Wall Street closes sharply lower on Amazon slump, inflation worries

Wall Street closes sharply lower on Amazon slump, inflation worries

  • Amazon tumbles after results and outlook fall short
  • Apple slips after flagging supply problems
  • Monthly inflation surged by the most since 2005
  • End indexes: S&P 500 -3.63%, Nasdaq -4.17%, Dow -2.77%

April 29 (Reuters) – Wall Street slid on Friday to its deepest daily losses since 2020, as Amazon slumped following a gloomy quarterly report, and as the biggest surge in monthly inflation since 2005 spooked investors already worried about rising interest rates.

Amazon.com Inc (AMZN.O) tumbled 14.05% in its steepest one-day drop since 2006, leaving the widely held stock near two-year lows. Late on Thursday, the e-commerce giant delivered a disappointing quarter and outlook, swamped by higher costs. read more

Apple Inc (AAPL.O), the world’s most valuable company, dropped 3.66% after its disappointing outlook overshadowed record quarterly profit and sales. read more

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All 11 S&P 500 sector indexes fell, led lower by a 5.9% slide in Consumer Discretionary (.SPLRCD) and a 4.9% drop in Real Estate <.SPLRCR>.

The S&P 500 logged it largest one-day decline since June 2020. The Nasdaq’s decline was its largest since September 2020.

Downbeat results and worries about aggressive monetary policy tightening by the Federal Reserve have hammered megacap technology and growth stocks this month.

The Fed is set to meet next week, with traders betting on a 50-basis-point rate hike to combat surging inflation.

Ahead of the weekend and the Fed meeting next week, “people are clearing the decks. The disappointing guidance from Apple and Amazon and a few other companies set the stage yesterday for today to be weak and it accelerated as we ended out the day,” said Peter Tuz, President of Chase Investment Counsel in Charlottesville, Virginia.

The Nasdaq (.IXIC) has lost about 13% in April, its worst monthly performance since the global financial crisis in 2008.

The S&P 500 has fallen 13% so far in 2022, its steepest four-month decline to start any year since 1932.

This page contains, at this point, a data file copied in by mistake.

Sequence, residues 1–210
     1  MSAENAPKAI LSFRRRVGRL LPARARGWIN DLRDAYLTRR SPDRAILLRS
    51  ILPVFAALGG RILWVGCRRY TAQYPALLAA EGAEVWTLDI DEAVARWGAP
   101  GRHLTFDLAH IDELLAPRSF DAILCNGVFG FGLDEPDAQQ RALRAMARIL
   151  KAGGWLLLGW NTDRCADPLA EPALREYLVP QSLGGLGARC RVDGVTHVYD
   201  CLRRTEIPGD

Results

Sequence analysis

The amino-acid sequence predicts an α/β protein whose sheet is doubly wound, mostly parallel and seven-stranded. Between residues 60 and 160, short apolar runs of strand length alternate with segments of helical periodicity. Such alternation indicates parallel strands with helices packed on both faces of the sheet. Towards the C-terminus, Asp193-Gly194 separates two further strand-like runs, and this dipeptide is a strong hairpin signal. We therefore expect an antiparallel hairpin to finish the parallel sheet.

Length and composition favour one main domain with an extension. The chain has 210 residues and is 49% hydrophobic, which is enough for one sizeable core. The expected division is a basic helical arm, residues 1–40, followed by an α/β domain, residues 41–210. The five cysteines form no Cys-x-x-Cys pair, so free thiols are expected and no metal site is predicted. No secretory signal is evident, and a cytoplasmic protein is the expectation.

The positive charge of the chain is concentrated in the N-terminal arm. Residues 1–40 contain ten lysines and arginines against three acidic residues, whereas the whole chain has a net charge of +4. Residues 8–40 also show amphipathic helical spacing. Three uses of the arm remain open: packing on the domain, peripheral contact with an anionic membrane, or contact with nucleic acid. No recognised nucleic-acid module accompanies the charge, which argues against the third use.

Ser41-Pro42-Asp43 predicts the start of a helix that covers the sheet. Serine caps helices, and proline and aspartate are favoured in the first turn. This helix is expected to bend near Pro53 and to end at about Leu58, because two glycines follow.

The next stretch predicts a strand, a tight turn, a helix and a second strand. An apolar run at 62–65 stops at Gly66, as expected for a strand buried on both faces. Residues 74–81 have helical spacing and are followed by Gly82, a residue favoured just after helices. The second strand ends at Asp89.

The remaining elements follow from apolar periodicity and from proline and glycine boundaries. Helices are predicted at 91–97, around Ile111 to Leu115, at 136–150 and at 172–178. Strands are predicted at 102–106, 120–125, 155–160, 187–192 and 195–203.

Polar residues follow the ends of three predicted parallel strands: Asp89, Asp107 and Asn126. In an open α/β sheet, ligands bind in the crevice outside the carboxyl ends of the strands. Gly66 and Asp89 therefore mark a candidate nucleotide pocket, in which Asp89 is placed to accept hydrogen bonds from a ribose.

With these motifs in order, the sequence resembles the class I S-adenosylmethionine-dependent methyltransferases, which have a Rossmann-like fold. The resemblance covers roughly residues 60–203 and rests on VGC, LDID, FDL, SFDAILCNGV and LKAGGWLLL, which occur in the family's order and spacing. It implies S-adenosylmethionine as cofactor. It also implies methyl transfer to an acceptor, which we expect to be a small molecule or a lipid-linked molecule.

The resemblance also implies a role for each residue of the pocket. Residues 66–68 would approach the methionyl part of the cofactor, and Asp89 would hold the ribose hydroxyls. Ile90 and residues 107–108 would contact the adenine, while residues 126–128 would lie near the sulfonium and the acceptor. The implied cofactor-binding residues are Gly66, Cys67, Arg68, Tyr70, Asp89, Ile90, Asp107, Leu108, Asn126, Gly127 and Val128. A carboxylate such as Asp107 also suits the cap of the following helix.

Adding to fears on Wall Street, data showed the personal consumption expenditures price index – the Fed’s favored measure of inflation – shot up 0.9% in March after climbing 0.5% in February. read more

Traders work on the floor of the New York Stock Exchange (NYSE) in New York City, US, April 4, 2022. REUTERS/Brendan McDermid/File Photo

Signs of aggressive monetary policy tightening, the Ukraine war and China’s COVID lockdowns have fueled fears of an economic slowdown. Data on Thursday showed the US economy unexpectedly contracted in the first quarter. read more

The, S&P 500 declined 3.63% to end the session at 4,131.93 points.

The Nasdaq declined 4.17% to 12,334.64 points, while Dow Jones Industrial Average declined 2.77% to 32,977.21 points.

For the week, the S&P 500 lost 3.3%, the Nasdaq shed 3.9% and the Dow declined 2.5%.

S&P 500’s busiest trades

The S&P 500 has gained or lost 2% or more in a day some 33 times so far in 2022, compared to 24 such days in all of 2021.

Exxon Mobil Corp (XOM.N) slipped 2.24% after it took a $3.4 billion writedown due to its exit from Russia. Chevron Corp (CVX.N)dropped 3.16% after its first-quarter profit underwhelmed. read more

The first-quarter earnings season overall has been better than expected so far. Nearly half of the S&P 500 companies have reported through Thursday and 81% of them have topped Wall Street’s expectations. Typically, only 66% beat estimates, according to Refinitiv data.

Declining issues outnumbered advancing ones on the NYSE by a 3.91-to-1 ratio; on Nasdaq, a 2.85-to-1 ratio favored decliners.

The S&P 500 posted 2 new 52-week highs and 47 new lows; the Nasdaq Composite recorded 13 new highs and 385 new lows.

Volume on US exchanges was 12.4 billion shares, compared with an 11.8 billion average over the last 20 trading days.

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Reporting by Bansari Mayur Kamdar and Devik Jain in Bengaluru and by Noel Randewich in Oakland, Calif.; Editing by Arun Koyyur, Aditya Soni and David Gregorio

Our Standards: The Thomson Reuters Trust Principles.


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